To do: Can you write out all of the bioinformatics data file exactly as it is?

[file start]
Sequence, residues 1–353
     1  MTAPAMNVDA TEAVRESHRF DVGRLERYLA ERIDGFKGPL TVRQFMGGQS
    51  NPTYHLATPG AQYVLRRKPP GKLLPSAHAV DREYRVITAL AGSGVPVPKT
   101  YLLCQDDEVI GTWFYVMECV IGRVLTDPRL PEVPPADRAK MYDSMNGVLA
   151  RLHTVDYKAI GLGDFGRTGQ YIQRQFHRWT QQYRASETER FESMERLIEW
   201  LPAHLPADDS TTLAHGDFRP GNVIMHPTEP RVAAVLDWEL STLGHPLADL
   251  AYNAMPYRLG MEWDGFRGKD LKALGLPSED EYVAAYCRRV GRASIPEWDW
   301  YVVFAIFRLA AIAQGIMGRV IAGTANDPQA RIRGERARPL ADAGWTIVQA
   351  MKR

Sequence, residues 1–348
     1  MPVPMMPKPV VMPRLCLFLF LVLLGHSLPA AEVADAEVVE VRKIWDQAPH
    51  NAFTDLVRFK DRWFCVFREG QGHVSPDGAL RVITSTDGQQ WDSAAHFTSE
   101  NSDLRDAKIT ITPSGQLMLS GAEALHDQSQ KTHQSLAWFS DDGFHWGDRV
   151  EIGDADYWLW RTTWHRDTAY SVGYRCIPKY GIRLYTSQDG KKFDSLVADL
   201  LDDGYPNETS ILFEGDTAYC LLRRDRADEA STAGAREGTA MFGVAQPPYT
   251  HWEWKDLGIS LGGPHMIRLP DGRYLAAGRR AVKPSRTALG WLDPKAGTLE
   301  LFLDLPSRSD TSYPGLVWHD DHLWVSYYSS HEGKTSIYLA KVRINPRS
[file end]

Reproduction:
Sequence, residues 1–353
     1  MTAPAMNVDA TEAVRESHRF DVGRLERYLA ERIDGFKGPL TVRQFMGGQS
    51  NPTYHLATPG AQYVLRRKPP GKLLPSAHAV DREYRVITAL AGSGVPVPKT
   101  YLLCQDDEVI GTWFYVMECV IGRVLTDPRL PEVPPADRAK MYDSMNGVLA
   151  RLHTVDYKAI GLGDFGRTGQ YIQRQFHRWT QQYRASETER FESMERLIEW
   201  LPAHLPADDS TTLAHGDFRP GNVIMHPTEP RVAAVLDWEL STLGHPLADL
   251  AYNAMPYRLG MEWDGFRGKD LKALGLPSED EYVAAYCRRV GRASIPEWDW
   301  YVVFAIFRLA AIAQGIMGRV IAGTANDPQA RIRGERARPL ADAGWTIVQA
   351  MKR

Sequence, residues 1–348
     1  MPVPMMPKPV VMPRLCLFLF LVLLGHSLPA AEVADAEVVE VRKIWDQAPH
    51  NAFTDLVRFK DRWFCVFREG QGHVSPDGAL RVITSTDGQQ WDSAAHFTSE
   101  NSDLRDAKIT ITPSGQLMLS GAEALHDQSQ KTHQSLAWFS DDGFHWGDRV
   151  EIGDADYWLW RTTWHRDTAY SVGYRCIPKY GIRLYTSQDG KKFDSLVADL
   201  LDDGYPNETS ILFEGDTAYC LLRRDRADEA STAGAREGTA MFGVAQPPYT
   251  HWEWKDLGIS LGGPHMIRLP DGRYLAAGRR AVKPSRTALG WLDPKAGTLE
   301  LFLDLPSRSD TSYPGLVWHD DHLWVSYYSS HEGKTSIYLA KVRINPRS